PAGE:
Indeed, someone who's resistant to being helped is certainly a problem.
Which means David' suggestion would be to ask him how he feels about that.
Ask him if he wants help or not.
And if he doesn't, maybe work up a few three-person alternative figures :P
On Tue, Mar 7, 2017 at 5:59 AM, via Organizers <
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1. Re: What to do with a really bad new dancer?
(Paul Pindris via Organizers)
2. Re: What to do with a really bad new dancer?
(David Kirchner via Organizers)
3. Re: What to do with a really bad new dancer?
(Marie-Mich?le Fournier via Organizers)
Date: Mon, 6 Mar 2017 21:31:29 -0500
From: Paul Pindris via Organizers <organizers(a)lists.sharedweight.net>
To: Marie-Mich?le Fournier <mariemichele.fournier(a)gmail.com>
Cc: Marie-Mich?le Fournier via Organizers
Subject: Re: [Organizers] What to do with a really bad new dancer?
Content-Type: text/plain; charset="utf-8"
I am quite astonished -- actually, troubled -- that anyone would have the
insensitivity to refer to another dancer as a "speed bump." I am proud to
relate that I have yet to see any physically challenged dancer at the
several monthly contra dances in my area of southern New Hampshire be
anything less than totally accepted as part of our community. Whether
dancers have had difficulty because of a medical condition, the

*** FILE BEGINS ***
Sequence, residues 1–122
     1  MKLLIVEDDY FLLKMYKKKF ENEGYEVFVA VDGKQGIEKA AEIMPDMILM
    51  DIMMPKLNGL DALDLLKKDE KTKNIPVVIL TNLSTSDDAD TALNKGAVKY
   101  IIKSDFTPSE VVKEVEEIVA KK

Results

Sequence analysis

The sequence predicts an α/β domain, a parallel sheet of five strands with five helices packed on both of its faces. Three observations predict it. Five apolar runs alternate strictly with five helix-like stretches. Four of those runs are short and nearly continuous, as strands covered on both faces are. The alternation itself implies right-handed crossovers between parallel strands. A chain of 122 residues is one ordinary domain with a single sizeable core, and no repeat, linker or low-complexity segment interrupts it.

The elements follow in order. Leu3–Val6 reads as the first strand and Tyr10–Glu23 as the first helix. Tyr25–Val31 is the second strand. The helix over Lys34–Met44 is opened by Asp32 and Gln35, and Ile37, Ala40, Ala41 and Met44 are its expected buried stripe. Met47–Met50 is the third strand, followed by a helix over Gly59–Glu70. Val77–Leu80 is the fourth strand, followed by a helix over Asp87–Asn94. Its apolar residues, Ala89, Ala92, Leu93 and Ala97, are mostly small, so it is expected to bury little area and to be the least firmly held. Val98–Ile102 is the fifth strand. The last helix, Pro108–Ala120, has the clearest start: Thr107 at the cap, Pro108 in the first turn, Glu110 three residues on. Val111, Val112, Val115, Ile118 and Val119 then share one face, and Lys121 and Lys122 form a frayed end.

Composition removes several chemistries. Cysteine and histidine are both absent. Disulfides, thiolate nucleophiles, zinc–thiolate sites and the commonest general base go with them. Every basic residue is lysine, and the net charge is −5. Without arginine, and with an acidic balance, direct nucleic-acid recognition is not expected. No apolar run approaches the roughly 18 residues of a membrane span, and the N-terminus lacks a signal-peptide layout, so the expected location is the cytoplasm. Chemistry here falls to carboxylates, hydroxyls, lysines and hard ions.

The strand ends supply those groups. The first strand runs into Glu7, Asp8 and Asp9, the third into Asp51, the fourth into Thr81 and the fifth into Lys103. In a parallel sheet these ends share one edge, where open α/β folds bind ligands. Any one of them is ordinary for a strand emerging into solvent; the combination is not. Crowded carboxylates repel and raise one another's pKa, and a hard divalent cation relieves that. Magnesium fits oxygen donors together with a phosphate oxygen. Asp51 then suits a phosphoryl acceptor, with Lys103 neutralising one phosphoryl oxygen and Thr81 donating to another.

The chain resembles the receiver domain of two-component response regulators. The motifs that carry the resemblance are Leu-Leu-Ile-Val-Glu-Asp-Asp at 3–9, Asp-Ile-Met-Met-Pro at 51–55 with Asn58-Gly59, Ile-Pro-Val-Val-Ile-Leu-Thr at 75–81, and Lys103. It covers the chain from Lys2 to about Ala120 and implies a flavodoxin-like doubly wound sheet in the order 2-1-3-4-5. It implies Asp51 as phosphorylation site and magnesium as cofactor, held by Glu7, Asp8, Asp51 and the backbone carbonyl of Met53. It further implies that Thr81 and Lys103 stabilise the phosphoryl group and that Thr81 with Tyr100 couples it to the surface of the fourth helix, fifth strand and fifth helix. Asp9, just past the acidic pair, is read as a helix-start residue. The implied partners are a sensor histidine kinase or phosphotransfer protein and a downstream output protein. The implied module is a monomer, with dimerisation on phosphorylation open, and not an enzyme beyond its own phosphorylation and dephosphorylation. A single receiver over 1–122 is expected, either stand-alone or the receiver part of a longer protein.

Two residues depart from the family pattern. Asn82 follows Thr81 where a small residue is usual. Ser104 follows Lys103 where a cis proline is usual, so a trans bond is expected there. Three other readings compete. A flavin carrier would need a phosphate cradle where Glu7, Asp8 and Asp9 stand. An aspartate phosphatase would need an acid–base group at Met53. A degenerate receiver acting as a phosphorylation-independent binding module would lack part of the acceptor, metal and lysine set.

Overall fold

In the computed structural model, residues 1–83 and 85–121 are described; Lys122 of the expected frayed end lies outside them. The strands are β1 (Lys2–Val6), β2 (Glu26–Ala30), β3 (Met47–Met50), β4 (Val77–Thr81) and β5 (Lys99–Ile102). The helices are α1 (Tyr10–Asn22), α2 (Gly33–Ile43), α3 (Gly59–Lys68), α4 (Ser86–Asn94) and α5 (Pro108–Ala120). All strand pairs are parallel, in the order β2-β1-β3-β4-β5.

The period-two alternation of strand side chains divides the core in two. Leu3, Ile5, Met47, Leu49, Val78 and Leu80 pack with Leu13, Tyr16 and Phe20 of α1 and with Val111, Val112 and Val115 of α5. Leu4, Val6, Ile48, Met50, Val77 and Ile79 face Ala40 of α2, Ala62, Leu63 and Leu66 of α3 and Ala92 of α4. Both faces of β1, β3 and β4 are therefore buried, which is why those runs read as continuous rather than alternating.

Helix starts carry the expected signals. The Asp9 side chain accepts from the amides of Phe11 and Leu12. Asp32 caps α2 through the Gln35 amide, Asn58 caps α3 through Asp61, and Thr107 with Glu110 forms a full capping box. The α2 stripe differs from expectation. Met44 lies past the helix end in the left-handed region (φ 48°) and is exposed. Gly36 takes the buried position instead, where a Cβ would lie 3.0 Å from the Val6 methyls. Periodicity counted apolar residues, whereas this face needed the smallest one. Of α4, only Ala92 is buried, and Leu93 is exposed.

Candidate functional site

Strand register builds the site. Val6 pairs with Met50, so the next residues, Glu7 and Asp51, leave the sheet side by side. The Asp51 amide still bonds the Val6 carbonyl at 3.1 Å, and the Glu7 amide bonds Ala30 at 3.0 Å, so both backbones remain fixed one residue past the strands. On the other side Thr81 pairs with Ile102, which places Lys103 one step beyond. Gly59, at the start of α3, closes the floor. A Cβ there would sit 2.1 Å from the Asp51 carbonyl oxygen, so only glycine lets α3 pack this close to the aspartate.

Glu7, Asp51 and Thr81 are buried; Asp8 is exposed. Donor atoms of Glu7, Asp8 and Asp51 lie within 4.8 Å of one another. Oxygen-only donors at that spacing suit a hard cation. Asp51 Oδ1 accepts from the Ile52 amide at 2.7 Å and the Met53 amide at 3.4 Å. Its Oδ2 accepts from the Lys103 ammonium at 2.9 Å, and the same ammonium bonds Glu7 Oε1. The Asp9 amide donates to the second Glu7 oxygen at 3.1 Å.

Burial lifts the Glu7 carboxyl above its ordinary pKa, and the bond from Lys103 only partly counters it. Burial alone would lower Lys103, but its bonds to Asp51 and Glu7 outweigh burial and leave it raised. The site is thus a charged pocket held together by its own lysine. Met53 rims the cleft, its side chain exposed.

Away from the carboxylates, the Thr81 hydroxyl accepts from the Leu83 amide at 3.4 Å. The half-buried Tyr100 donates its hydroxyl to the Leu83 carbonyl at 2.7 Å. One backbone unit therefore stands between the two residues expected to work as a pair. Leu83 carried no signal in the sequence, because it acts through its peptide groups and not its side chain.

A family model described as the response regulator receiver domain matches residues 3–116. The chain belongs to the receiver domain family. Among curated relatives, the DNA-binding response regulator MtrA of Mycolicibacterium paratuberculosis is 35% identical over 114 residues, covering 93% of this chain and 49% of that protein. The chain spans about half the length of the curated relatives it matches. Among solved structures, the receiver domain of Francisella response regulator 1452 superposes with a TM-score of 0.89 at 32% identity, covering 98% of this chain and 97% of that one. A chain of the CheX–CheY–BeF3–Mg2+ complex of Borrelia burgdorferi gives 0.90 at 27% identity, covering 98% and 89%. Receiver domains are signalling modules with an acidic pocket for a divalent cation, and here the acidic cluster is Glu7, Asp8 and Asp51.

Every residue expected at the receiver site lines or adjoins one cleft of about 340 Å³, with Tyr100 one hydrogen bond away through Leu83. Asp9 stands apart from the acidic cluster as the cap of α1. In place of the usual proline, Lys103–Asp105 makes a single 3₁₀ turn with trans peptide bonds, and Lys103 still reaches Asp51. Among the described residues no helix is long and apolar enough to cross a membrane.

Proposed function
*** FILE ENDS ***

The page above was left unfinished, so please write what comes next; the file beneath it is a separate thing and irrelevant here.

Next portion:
after-effects of a car accident, or simply the problem of "two left feet,"
they have in every case that I am aware of been made to feel as comfortable
as possible. The adage I share with every new dancer I cross paths with is
that contra dancers are three things -- welcoming, helpful, and forgiving.
In New Hampshire that applies to everyone, and I have yet to encounter any
On Mon, Mar 6, 2017 at 2:31 PM, Marie-Mich?le Fournier via Organizers <
Lately a new dancer has started coming to our dance and he is bad
enough that he will often make the set break if the dance is moderately
challenging. He seems to have some kind of impairment and walks very
stiffly which means he will often not be on time for a figure and also
often does not remember what is coming next.
We want to be inclusive but at the same time his presence negatively
impacts other dancers in his set and while some of the experienced
will take one for the team and dance with him, it
is an unpleasant
experience to be his partner. Unfortunately, we always have many new
dancers and having one couple not be where they should be can really
them off in some dances so I feel like I have to
push and pull him around
to be on time, despite the fact that it's a little rude.
A recent caller to our dance called him a "speed bump" which was quite
accurate. I'm sure other dances have had experience with similar
does anyone have advice on how to deal with this
so that other dancers
still have a good time yet we are nice to this problematic dancer?
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